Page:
What would happen if you made a planet out of water and nothing else?  What if you had a giant water droplet, as big as the Earth, suspended in space with only its own gravity to hold it together?  What would such a world be like?

The obvious answer: it would never happen.  Real planets are mixtures of many elements and compounds.  A 100% water planet is as unlikely as a planet of 100% carbon or oxygen.

But I don’t care.  I’m not examining this idea to include in a story.  It’s a hypothetical extreme case that I hope will help me understand how planets are formed.  You might even call it a thought experiment.

Based on my limited knowledge of geology, I know the Earth’s core is a giant, solid mass.  Despite the fact that the core is thousands of degrees Celsius, it doesn’t melt.  The enormous pressure exerted by all the layers of rock, magma, etc on top hold it together.  So what would happen at the core of a planet made only of water?

Based on my research, I believe it would solidify at an extremely high temperature, just like the core of the Earth.  Water, when at high temperatures and under enormous pressure, will form a special kind of hot ice.  Researchers have created this ice in the laboratory, and they call it ice VII (using different temperatures and pressures, scientists have created sixteen varieties of ice).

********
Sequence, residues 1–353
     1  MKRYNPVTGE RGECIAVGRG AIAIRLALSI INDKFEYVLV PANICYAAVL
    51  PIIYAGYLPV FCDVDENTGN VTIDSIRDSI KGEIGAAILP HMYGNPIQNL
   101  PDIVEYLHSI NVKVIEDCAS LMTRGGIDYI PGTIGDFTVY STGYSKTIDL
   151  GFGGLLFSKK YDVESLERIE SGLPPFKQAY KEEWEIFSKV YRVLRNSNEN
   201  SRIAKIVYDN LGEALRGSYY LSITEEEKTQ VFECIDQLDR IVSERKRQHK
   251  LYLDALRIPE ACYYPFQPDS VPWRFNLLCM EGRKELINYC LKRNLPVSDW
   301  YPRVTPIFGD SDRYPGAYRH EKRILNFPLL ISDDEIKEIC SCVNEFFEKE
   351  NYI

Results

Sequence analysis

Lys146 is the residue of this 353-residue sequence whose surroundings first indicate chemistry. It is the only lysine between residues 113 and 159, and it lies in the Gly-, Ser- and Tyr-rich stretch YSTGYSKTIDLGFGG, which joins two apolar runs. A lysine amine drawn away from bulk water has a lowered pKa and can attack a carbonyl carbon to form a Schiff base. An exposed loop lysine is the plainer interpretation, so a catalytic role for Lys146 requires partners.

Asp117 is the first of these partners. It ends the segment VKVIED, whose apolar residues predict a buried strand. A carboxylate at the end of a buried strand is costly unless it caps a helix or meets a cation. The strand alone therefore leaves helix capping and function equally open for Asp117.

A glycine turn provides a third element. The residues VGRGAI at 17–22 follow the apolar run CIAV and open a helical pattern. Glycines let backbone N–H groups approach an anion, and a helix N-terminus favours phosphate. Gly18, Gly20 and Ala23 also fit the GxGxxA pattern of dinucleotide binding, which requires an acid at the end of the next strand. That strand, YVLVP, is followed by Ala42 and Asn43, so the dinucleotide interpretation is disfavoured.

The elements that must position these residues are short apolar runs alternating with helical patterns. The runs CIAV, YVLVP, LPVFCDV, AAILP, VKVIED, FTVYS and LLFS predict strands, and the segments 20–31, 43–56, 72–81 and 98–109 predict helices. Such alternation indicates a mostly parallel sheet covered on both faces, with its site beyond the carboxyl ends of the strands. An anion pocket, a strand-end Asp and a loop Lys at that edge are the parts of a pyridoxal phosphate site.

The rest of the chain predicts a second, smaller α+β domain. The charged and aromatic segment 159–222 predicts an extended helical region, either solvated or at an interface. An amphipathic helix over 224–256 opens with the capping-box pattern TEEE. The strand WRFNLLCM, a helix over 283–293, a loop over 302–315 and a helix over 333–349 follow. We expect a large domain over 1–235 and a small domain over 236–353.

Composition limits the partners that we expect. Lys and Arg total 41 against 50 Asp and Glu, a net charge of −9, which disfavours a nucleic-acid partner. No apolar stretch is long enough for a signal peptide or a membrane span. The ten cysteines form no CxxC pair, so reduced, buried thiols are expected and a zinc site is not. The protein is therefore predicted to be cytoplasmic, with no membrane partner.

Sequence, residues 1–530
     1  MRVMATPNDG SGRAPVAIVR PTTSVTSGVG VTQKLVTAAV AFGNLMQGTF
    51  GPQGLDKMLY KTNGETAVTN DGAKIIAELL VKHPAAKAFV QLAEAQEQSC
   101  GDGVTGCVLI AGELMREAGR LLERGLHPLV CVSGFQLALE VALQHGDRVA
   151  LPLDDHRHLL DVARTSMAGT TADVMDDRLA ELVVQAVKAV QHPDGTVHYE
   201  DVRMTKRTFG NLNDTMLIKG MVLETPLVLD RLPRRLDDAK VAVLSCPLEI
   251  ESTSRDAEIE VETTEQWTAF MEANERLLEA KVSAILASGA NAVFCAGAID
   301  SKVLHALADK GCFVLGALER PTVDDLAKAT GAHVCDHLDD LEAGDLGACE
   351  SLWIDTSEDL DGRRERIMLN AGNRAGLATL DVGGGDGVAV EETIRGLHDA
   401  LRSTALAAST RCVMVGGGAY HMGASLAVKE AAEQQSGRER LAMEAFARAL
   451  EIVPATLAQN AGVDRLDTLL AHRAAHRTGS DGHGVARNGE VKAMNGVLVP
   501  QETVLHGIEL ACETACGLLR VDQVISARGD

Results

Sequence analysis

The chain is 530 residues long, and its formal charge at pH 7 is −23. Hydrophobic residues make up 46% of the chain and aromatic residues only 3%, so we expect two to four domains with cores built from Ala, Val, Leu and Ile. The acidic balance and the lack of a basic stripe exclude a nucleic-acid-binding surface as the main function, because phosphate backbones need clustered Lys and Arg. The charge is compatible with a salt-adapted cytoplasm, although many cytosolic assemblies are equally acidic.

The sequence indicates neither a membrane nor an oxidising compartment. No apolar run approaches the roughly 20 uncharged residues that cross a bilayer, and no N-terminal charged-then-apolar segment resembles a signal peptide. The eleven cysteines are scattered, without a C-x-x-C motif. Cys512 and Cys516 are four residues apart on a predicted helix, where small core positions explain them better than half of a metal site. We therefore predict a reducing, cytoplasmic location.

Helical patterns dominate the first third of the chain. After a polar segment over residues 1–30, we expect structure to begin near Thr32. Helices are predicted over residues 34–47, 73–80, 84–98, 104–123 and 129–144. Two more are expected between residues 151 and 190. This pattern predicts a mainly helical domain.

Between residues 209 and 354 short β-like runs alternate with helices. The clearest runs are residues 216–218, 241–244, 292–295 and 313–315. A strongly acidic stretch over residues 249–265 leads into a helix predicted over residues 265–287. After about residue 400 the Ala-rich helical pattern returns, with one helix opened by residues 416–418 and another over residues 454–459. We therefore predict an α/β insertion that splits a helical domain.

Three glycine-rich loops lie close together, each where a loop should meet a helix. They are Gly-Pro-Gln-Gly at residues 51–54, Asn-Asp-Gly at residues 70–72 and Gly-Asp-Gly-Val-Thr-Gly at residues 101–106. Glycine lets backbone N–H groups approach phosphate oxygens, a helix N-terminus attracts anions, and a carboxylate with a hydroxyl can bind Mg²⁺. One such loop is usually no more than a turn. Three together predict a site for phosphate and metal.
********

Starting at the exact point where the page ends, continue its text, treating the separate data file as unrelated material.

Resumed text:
Assuming the water planet is close enough to its parent star to allow liquid water to exist on the surface, I expect this world’s one ocean would be subject to the same Coriolis forces as Earth’s bodies of water, but without the interference of continents.  Near the poles, we’d probably find ice (ice Ih, the kind you put in your drinks), and there might be an atmosphere of water vapor.  Of course since there’s no carbon, there’s no life.

This is an ongoing project, and I still need to do more research.  I’m particularly curious to know if hot ices, like ice VII and similar forms, glow as they give off heat; and if they do, would that glow be visible from the surface of my water planet?  I should also mention that while 100% water planets are extremely unlikely, scientists have discovered at least one planet outside our Solar System that may have abnormally large amounts of water.  It’s called GJ 1214 b.

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